“Entire Horse” is from Souwesto Home, a collection of James Reaney’s poems from 2005 and published by Brick Books. Listen to Jeff Culbert read “Entire Horse” here.

Stagecoach scene from James Reaney’s play The St. Nicholas Hotel; the performers are Miriam Greene, Suzanne Turnbull, and Rick Gorrie (back row); Jerry Franken, Jay Bowen, and David Ferry (front row) at the Tarragon Theatre, Toronto, Ontario, 1974.

Scene from the play: In Act I before the Donnelly stagecoach leaves the City Hotel in London, Mike Donnelly (driver) says:

“Are there any more ladies and gentlemen for Calamity Corners as ’tis sometimes called, St. John’s, Birr — my old friend Ned here calls it Bobtown, the more elegant name is Birr. Elginfield known to some as Ryan’s Corner’s, Lucan that classic spot if it’s not all burnt down, Clandeboye, Mooretown, Exeter and Crediton. If Ned here hasn’t sawn it to pieces, the coach is waiting for you at the front door and it pleases you.”

James Reaney’s Sticks and Stones — Will Donnelly’s fiddle

In Act I of James Reaney’s play Sticks and Stones, local boys taunt young Will Donnelly for his crippled foot. In this scene, Mrs Donnelly asks Will for his birthday wish.

MRS DONNELLY: What day is it today of all days, William Donnelly?
WILL: It’s my birthday.
MRS DONNELLY: Tell me one wish.


WILL: Well, mother, ’tis something other than a prayerbook. I’d like a horse – a black stallion. And a sword. Then I’d ride up and down the line and I’d cut the heads off all those who call me – us – names.


MRS DONNELLY: Go over to the old tree the storm fell down, Will.
Will, what would you call this big black horse?
WILL: Lord Byron. But he wouldn’t be lame, you see.


MRS DONNELLY: Now see what you find there hidden among the roots. (He searches, crawling into the barrel; searching around it.)


OTHERS:  (softly and rolling over)
 Then they took me out of that and
 Threw me into a well.
 They left me there for a space of time,
 And me belly began to swell. [1]


WILL: It’s a parcel. (Actually it is just two sticks.)
MRS DONNELLY: But it’s not likely your father and I would give you a brown paper parcel for your twelfth birthday. What’s it a parcel of, Will?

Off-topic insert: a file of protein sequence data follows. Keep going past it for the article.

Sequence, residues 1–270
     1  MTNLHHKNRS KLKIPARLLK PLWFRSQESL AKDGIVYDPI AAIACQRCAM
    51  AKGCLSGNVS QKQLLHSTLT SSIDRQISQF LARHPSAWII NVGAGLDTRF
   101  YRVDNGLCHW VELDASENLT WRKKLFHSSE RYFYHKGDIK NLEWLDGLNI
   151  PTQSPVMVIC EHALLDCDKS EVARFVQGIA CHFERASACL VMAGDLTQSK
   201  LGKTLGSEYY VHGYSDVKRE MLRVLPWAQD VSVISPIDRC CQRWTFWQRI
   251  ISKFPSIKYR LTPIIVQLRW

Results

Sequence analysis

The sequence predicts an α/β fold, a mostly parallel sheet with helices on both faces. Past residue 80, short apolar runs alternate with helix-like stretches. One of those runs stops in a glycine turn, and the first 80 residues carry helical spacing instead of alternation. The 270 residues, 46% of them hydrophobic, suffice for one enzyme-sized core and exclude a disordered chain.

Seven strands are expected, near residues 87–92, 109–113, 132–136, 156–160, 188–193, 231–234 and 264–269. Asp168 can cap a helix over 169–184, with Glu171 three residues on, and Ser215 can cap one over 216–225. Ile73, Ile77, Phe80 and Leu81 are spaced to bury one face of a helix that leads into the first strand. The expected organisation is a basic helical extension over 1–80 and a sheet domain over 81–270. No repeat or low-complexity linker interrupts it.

WILL: A fiddle. Is it just for today, mother? Just mine for my birthday? But tomorrow will my brothers get at it?


MRS DONNELLY: No, Will, it is for you – and only you. To be your music for your entire lifetime. Remember what I’ve told you today.


(Will mimes the fiddle with two sticks; at edge of stage, a real fiddler follows.)
WILL: (as he tunes)
What did happen to father when he wouldn’t kneel and he wouldn’t swear?


MRS DONNELLY: Nothing’s happened.
WILL: Nothing’s happened yet?
MRS DONNELLY: Nor ever will….

The vendetta against the Donnellys and their eventual murder

Mrs Donnelly’s hope that their troubles from the old country are behind them proves unfounded, and the vendetta against them continues unabated until their murder some twenty years later (4 February 1880). During that time, Will Donnelly grows up to play his fiddle at weddings and dances and have a black stallion called Lord Byron (see James Reaney’s The Donnellys Part II – The St. Nicholas Hotel). 

On 2 September 1879, five months before the murder of five members of his family, Will Donnelly frightens away a mob come to terrorize him by playing a tune on his fiddle. In writing the play, James Reaney was particularly impressed by this:

“When on 2 September 1879, the mob who had just terrorized his parents at their farm arrived at his house in Whalen’s Corners, William frightened them away with a fiddle tune! None of the commentators ever make enough of this. Nor of the mother risking her life to warn her son that a mob was about to confront him. From now on, I have nothing but  admiration and sympathy for the Donnelly family, and a feeling that their bravery also betrayed them. But, of course, what they couldn’t possibly have known was that the whole affair of the cow and resultant trial was a dry run for another visit to the Donnelly house at night.…”(See James Reaney’s The Donnellys: An Ontario Vendetta, Introduction, page xcix, The Champlain Society, 2004.)

[1] These lines sung by the Others are from the Barley Corn Ballad, an old Irish folk tune that James Reaney uses to underscore the Donnellys’ fate. As James Noonan writes in the Afterword to the published version of the play, “The ballad is so fitting to illustrate the fate of the Donnellys that if you substitute ‘Donnelly’ for ‘barley grain’ you have the story of the Donnellys told in ballad form.” (Afterword, page 350)

James Reaney’s three plays about the Donnellys — Sticks and StonesThe St. Nicholas Hotel, and Handcuffs — are available in one volume from Dundurn Press.

Sticks and Stones Act I
Mr Donnelly: And this earth in my hand, the earth of my farm
That I fought for and was smashed and burnt for
(Jerry Franken as Mr Donnelly, Tarragon Theatre, 1973)

James Reaney’s Sticks and Stones — Mrs Donnelly’s journey to Goderich

Sticks and Stones, Act II (Mrs Donnelly gathers signatures in defense of her husband’s life.)
MRS DONNELLY: Faced with Donnelly’s wife, however, they signed their names or made their marks to the truth at last.
(Patricia Ludwick as Mrs Donnelly, Tarragon Thatre, 1973)